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Ireland reaps benefits of Apple's tax schemes, even without EU bounty

Spending increases in nation's budget for 2017 driven by corporate tax increase

By Alexander J Martin, 12 Oct 2016

Even without the €13bn tax bill which Ireland was told collect from Apple, the nation's arrangements with Cupertino is driving tax revenue and spending increases in its budget for 2017.

The Irish government has this week put forward its budget for the next year, including an extra €1.3bn package of spending increases and tax cuts which arrive as the nation seeks to prepare itself to deal with the plummeting value of the Sterling and other potential Brexit fallouts.

Key amongst the budget proposals was an unchanged corporate tax rate of 12.5 per cent, which has continued to drive investment in the nation, especially from American technology firms.

Earlier this year, the European Commission declared that tax arrangements with Apple were in breach of state aid rules, and demanded that Ireland collect €13bn from the company.

The Irish government was quick to appeal against the demands, however, assessing the Commission's ruling as posing a threat to its ability to encourage domestic growth and investment brought in through corporate tax on the firm, who has recently moved all of its IP to subsidiaries located in the country.

Indeed, according to the Irish Examiner's Eamon Quinn, this budget and the budget for 2016 could be called the Apple Budgets due to the role that corporate tax receipts have played in funding increases.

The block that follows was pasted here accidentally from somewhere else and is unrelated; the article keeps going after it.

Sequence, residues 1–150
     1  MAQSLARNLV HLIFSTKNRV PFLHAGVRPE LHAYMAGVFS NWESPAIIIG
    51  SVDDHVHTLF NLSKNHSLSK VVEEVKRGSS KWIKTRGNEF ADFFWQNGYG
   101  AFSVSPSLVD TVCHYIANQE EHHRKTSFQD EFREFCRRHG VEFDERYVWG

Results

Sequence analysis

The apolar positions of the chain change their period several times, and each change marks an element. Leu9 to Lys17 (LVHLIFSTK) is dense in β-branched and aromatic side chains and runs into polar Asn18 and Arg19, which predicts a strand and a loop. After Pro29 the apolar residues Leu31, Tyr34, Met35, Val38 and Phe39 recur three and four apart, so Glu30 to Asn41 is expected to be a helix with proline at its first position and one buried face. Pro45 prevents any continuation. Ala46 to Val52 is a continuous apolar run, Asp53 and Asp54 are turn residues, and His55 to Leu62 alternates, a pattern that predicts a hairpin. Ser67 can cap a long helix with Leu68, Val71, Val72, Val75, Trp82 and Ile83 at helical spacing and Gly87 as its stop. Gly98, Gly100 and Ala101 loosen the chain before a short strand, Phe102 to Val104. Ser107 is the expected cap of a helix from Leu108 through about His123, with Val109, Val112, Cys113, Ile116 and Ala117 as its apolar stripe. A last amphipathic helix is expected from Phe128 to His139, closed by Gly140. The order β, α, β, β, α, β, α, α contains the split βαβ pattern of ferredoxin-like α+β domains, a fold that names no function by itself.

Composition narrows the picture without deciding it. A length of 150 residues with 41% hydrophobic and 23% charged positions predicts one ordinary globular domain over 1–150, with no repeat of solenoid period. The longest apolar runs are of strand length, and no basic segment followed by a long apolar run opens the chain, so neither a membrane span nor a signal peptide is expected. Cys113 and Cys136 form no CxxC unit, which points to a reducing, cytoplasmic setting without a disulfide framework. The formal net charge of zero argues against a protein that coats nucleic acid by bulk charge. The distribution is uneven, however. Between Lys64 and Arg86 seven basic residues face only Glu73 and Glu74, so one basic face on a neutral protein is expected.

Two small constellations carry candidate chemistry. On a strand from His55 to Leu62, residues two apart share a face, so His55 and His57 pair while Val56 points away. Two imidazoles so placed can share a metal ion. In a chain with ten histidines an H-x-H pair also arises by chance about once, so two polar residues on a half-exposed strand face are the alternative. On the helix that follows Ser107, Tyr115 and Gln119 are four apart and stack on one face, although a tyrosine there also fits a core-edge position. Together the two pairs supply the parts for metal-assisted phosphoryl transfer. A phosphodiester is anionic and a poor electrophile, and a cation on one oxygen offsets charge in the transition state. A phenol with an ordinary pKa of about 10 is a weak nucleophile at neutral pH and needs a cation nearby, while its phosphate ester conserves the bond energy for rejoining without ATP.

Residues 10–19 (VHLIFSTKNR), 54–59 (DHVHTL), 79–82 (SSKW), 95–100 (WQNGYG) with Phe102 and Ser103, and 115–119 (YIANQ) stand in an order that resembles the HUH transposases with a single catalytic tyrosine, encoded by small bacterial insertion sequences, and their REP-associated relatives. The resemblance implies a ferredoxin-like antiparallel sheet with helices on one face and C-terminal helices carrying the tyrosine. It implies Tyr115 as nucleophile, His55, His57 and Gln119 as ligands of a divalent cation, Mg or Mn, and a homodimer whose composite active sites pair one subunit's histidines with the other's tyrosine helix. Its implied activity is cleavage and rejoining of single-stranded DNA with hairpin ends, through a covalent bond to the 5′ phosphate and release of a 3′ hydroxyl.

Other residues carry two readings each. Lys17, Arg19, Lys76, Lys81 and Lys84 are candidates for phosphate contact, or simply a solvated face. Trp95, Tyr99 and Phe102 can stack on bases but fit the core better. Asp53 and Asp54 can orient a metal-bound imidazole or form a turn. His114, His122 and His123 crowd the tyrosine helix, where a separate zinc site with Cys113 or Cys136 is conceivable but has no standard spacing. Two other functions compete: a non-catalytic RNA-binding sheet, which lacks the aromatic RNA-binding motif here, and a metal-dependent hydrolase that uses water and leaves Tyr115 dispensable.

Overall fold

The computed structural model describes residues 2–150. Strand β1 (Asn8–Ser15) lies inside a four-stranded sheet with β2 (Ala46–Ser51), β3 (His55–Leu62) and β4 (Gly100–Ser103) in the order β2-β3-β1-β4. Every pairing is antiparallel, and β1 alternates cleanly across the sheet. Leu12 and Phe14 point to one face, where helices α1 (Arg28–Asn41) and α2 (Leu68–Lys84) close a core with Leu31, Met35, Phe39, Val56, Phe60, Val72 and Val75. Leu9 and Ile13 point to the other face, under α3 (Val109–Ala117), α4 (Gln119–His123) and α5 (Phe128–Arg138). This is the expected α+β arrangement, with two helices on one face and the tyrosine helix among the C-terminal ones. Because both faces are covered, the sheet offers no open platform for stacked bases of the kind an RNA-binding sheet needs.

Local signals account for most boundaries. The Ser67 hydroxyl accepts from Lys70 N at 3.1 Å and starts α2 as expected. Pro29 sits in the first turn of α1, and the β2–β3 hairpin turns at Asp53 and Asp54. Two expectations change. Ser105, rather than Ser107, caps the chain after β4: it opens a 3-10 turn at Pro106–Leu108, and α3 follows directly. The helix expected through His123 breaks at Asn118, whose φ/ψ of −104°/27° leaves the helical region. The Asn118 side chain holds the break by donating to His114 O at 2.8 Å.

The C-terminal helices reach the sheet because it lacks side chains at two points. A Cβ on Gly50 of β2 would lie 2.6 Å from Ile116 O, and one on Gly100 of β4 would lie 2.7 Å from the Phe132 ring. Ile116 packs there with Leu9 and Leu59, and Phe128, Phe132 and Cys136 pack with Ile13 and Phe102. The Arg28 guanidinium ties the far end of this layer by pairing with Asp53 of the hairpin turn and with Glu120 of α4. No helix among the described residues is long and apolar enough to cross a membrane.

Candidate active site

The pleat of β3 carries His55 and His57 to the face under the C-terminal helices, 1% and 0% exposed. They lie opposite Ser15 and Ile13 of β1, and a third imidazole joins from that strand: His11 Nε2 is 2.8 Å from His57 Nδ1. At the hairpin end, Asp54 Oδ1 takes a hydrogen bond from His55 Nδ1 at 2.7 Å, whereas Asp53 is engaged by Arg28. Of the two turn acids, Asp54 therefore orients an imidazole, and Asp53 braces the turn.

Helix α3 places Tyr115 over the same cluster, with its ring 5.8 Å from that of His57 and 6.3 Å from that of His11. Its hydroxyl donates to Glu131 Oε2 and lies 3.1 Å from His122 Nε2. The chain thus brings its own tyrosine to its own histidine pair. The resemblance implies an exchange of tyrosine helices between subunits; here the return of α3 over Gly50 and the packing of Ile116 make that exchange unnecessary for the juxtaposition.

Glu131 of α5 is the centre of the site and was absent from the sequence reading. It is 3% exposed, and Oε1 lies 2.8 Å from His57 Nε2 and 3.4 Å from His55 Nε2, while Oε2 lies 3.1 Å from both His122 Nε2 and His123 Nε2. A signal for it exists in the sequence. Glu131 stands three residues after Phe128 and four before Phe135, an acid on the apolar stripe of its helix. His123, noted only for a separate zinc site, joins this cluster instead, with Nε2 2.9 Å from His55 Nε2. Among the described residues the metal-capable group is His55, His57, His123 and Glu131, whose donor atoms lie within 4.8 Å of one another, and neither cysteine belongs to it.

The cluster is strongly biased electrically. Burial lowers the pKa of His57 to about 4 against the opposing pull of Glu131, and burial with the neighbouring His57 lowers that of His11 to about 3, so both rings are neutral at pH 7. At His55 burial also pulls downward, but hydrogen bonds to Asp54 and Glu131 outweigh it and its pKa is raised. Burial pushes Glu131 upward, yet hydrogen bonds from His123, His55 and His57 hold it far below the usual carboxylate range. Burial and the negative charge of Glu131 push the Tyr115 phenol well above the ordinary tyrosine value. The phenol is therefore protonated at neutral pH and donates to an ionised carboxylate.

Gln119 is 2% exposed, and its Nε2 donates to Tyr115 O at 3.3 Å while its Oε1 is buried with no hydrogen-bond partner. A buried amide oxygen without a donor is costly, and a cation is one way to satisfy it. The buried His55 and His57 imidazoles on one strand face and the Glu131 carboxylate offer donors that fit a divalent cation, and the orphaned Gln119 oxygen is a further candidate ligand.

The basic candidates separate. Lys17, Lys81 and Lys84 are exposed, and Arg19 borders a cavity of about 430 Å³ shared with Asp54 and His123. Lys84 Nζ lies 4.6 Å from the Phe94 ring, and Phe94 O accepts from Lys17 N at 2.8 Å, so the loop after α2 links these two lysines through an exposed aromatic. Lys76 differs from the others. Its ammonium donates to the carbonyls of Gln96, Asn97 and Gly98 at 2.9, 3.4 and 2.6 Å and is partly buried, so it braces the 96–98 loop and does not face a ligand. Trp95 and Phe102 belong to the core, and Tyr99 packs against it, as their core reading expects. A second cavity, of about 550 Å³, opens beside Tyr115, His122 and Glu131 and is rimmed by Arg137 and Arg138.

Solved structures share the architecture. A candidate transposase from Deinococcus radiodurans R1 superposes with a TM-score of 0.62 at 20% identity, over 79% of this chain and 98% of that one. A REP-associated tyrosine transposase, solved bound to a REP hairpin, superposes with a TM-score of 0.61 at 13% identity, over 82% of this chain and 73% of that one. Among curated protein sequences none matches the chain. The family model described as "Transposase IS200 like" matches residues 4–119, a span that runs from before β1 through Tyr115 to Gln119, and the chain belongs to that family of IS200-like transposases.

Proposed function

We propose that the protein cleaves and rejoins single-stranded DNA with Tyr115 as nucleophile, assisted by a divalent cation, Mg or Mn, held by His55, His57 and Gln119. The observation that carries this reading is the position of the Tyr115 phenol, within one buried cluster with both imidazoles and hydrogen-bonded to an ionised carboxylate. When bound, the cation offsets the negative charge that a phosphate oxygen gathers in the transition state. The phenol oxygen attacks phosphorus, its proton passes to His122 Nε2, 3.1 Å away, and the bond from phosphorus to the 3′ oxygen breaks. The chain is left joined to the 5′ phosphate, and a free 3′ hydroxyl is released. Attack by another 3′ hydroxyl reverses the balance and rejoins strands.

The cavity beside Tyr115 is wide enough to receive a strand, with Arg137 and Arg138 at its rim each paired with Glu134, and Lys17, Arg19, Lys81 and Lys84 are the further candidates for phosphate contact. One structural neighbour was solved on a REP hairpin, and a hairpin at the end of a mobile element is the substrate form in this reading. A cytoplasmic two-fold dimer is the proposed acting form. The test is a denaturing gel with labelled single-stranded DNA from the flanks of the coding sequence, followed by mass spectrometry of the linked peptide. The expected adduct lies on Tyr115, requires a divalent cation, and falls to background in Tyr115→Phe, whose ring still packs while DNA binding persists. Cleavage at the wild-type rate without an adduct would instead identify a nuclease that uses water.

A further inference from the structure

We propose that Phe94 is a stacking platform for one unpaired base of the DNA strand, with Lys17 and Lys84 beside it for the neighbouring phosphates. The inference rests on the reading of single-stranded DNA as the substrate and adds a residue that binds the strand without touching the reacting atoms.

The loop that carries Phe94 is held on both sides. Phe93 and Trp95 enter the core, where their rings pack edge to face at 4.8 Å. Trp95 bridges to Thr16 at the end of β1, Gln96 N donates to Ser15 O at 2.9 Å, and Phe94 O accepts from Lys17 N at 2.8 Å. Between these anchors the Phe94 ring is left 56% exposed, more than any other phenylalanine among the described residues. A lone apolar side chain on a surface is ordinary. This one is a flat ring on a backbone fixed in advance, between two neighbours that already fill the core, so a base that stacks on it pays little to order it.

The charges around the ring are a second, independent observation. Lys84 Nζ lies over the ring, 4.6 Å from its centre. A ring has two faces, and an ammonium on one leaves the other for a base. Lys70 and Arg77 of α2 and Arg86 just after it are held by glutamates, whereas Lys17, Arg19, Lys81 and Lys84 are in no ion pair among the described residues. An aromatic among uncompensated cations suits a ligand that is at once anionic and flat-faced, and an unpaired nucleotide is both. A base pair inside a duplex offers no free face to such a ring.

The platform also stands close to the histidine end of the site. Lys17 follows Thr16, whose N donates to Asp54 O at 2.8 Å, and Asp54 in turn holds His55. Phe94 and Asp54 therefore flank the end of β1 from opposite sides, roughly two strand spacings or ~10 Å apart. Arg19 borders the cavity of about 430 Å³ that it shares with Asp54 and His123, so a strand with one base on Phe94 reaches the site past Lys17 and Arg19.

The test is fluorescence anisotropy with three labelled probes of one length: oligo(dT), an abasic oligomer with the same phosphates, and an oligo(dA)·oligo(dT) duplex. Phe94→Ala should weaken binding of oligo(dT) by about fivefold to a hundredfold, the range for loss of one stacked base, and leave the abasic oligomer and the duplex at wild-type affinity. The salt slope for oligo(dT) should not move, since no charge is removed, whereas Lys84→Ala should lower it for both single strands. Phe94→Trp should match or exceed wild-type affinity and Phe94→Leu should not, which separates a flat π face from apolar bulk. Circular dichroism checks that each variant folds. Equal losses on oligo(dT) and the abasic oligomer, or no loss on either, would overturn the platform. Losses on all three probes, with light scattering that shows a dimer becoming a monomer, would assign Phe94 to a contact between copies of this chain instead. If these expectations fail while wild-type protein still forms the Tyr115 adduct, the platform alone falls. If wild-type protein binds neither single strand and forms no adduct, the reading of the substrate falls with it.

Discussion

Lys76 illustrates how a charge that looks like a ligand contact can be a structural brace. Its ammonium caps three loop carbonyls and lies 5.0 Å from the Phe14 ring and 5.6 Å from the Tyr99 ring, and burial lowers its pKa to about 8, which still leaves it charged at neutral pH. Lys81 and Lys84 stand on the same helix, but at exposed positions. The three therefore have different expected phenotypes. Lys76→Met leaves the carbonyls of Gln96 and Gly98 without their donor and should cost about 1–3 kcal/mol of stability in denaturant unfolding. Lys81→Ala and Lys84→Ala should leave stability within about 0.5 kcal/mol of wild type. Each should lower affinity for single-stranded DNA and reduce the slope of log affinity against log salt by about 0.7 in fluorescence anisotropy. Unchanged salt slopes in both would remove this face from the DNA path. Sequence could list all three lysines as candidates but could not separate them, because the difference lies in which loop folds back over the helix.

The 12.5 per cent corporate tax rate managed to bring in €6.87bn in 2015, more than €2bn than what had been anticipated. "That is a staggering bounty," wrote Quinn, who warned that more transparency was needed when budgets were being funded "disproportionately on a single tax source — corporate tax revenues".

The increase in spending has been criticised as being beyond what is prudent by the head of Ireland's Fiscal Advisory Council, John McHale, according to the Irish Times, but it was largely welcomed after years of biting austerity measures.

The budget watchdog also warned that the plans were set to place Ireland in breach of European Union rules regarding the reduction of its structural deficit, now being reduced by only 0.3 per cent and not the 0.6 per cent the EU demands.

McHale added that an additional breach regarding allowable expenditure growth was taking place, but claimed that the breaches were not large enough to bring fines from Brussels.

The finance minister, Michael Noonan, explained that “Brexit has increased risk to the Irish economy and, as well as introducing specific measures to assist particular sectors of the economy, we must also put in place safety nets to protect us against future economic shocks.”

Noonan responded to McHale's claims by saying the budget was "prudent fiscal policy" and explained his expectations that the country's budget deficit would fall to 0.4 per cent of GDP in 2017, down from the whopping 32 per cent of GDP that had been the case when he took office in 2010. ®

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